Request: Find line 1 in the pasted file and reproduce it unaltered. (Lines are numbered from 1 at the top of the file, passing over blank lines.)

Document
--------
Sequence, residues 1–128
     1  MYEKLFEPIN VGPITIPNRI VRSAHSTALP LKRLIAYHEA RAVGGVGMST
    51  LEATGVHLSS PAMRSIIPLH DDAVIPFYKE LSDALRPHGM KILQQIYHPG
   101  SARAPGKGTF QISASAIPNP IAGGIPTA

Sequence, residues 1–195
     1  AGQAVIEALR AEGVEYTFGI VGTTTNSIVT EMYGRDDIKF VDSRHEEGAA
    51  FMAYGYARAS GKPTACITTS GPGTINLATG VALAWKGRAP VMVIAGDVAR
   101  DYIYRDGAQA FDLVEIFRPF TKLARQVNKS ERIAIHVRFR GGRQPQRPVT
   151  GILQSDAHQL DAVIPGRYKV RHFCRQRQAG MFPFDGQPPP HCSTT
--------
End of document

Sequence, residues 1–128